Capital Group assesses the year so far and believes equity markets have been given permission to fly higher
The expansion has been handed an extra innings and the markets permission to fly higher, according to Capital Group’s mid-year outlook.
The US Federal’s Reserve’s decision to stop raising interest rates has prompted investors to conclude that rates will be kept steady this year, with some even anticipating a cut amid slowing global growth. The Bank of Canada, of course, has followed the Fed in light of a weakening economy.
Equity markets were further boosted by the ECB indicating that negative rates would remain in place through the end of 2019, while China ramped up its stimulus efforts and Japan forged ahead with its massive and long-running asset purchase program.
The report stated: “These moves helped to fuel a powerful first-quarter rally in global equities. Technology and consumer tech stocks led the way, including Apple, Microsoft and Amazon. A setback in US-China trade talks tempered equity gains somewhat, but from a monetary policy standpoint, the stage has been set for potentially solid returns ahead. At the very least, central banks aren’t expected to get in the way.”
With lower-for-longer rates extending the cycle, solid earnings growth and appreciating stocks could feature in the second half of the year, although Capital Group did warn that late-cycle conditions are mounting and that this lengthened runway provides a chance to prepare for a tougher environment down the road.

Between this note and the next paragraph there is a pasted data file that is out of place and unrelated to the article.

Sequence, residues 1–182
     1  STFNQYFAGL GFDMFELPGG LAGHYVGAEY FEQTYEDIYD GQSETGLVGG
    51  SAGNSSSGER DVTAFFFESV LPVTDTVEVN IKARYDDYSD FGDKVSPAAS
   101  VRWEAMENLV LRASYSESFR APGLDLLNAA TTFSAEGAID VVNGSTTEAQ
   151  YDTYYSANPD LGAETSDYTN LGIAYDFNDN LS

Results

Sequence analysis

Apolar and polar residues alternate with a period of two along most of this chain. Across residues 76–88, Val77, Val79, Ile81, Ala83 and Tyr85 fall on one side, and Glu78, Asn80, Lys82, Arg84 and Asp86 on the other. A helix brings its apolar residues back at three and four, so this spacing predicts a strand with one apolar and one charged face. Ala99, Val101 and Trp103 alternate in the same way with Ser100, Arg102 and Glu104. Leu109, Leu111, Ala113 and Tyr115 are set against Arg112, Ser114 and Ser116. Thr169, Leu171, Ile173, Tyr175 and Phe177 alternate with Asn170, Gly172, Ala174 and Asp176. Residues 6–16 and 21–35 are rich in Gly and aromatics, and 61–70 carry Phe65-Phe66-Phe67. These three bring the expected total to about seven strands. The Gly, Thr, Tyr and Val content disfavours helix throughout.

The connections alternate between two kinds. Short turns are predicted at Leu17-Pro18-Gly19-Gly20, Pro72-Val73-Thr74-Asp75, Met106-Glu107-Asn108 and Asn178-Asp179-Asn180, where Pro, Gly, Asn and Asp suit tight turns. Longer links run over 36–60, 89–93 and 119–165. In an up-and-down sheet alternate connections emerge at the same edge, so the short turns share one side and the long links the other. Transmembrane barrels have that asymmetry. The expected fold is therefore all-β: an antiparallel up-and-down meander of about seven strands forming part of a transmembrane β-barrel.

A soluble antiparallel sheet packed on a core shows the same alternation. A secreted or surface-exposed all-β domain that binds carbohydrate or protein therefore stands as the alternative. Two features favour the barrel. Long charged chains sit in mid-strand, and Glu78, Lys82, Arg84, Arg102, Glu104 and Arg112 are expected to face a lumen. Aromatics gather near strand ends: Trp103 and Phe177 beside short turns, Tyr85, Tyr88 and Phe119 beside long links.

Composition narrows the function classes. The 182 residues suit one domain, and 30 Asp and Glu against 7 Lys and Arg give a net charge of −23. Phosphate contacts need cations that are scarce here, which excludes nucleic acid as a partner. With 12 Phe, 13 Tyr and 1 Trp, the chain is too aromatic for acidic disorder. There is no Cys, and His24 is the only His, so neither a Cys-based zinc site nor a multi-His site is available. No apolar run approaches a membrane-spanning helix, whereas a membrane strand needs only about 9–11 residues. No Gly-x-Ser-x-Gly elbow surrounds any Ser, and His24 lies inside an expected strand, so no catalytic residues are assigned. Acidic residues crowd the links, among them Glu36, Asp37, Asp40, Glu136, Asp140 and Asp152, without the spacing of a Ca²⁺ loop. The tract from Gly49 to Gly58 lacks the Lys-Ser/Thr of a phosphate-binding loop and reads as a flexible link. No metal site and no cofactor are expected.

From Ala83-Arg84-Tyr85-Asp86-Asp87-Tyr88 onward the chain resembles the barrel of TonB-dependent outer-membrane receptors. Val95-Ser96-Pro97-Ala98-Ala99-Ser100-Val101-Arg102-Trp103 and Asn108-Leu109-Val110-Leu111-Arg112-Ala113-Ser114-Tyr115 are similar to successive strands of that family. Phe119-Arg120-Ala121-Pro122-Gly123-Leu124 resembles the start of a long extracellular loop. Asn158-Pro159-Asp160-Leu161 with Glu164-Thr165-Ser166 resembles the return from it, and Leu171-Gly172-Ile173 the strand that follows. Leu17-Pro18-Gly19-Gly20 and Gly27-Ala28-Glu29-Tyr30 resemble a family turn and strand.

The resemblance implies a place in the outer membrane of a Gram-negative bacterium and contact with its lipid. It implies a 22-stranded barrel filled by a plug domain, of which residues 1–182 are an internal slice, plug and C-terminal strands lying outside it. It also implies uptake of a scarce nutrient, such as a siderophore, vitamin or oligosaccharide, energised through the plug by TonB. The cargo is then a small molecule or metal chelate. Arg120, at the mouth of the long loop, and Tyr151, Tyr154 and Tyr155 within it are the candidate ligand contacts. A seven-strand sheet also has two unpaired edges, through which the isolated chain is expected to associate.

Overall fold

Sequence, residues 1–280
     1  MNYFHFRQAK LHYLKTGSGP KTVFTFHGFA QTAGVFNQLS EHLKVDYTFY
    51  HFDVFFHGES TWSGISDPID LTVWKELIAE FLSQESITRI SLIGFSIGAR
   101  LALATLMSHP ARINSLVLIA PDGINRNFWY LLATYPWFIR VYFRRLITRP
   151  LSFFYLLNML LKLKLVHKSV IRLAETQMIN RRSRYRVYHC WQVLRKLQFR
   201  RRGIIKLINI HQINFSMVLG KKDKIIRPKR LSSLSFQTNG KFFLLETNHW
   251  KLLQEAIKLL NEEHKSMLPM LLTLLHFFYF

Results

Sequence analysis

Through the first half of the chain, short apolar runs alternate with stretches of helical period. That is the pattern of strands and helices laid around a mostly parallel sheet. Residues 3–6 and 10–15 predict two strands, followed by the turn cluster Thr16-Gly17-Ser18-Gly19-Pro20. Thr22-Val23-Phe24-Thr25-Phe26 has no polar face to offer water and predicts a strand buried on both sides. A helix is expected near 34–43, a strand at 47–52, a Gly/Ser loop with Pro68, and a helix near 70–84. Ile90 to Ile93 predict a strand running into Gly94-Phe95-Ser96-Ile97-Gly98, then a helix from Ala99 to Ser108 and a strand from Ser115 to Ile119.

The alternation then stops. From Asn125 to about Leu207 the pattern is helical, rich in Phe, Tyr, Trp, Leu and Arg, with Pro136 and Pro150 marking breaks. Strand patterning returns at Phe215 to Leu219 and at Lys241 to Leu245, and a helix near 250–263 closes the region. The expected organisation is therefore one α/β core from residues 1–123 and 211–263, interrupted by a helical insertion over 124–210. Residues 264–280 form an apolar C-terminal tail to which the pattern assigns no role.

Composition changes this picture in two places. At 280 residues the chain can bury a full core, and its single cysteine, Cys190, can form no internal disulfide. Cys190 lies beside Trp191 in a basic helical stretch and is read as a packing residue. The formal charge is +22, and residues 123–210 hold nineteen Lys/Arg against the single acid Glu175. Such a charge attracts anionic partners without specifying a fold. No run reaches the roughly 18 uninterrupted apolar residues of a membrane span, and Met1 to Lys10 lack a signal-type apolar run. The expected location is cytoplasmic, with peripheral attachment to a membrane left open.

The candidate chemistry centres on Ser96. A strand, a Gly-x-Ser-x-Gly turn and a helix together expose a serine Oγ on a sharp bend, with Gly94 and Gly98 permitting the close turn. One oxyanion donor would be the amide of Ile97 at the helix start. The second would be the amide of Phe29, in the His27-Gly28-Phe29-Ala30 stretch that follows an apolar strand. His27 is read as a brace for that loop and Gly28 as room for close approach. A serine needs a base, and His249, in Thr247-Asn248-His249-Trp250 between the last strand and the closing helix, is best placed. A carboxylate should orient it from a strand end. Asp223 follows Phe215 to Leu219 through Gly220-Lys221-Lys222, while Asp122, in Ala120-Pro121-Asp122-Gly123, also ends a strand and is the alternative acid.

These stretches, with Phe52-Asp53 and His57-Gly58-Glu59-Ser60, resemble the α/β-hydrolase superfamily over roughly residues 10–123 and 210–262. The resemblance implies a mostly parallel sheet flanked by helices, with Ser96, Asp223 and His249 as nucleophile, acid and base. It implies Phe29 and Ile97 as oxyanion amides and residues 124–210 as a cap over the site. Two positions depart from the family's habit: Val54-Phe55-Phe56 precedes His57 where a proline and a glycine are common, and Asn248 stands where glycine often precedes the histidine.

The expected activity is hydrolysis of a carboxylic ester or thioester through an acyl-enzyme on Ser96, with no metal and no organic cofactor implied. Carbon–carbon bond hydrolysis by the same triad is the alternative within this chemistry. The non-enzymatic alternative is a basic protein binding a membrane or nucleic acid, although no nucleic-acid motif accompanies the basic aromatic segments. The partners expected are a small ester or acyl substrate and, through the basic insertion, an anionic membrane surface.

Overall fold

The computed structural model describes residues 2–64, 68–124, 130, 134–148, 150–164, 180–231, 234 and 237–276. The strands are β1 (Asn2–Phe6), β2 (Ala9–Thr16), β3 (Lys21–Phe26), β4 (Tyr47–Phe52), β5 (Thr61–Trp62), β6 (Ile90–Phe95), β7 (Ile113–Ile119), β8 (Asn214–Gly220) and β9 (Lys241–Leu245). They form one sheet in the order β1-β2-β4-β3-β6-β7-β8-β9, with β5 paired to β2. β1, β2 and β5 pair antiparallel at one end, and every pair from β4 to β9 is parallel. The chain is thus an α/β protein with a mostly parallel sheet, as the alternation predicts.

Darrell Spence, US economist at Capital Group, said: “Whether it’s rising wages or a tight labour market, the economy continues to exhibit late-cycle characteristics.
“These are likely to become more pronounced, placing stress on companies and the economy. The U.S. unemployment rate stood at 3.6% in April, a number not seen since December 1969. Such low unemployment typically translates into rising wages.”
US markets have led the way for the past decade, but Capital argues in its report that this does not tell the whole story and that investors would be wise to study the numbers company by company. It said that, since 2009, the top-50 companies with the best annual returns were overwhelmingly based outside the US and that, in many of those years, 80% to 90% carried a non-US address.
It added: “That means if you had decided to ignore international equities, you would have missed a shot at many of the best opportunities.
“In certain sectors, the U.S. is not the most dominant player. Many premiere luxury goods companies, such as LVMH and Kering, are found in Europe (think Louis Vuitton, Fendi and Gucci). Japan is home to a number of cutting-edge robotics firms, including Murata and Fanuc. Big pharma has no shortage of innovative drug companies in Europe: AstraZeneca, Novartis, Novo Nordisk.
“In addition, dividend-paying companies outside the US tend to offer higher yields. All reasons to consider maintaining a healthy allocation to international stocks, even if you think US markets will continue to lead the way.”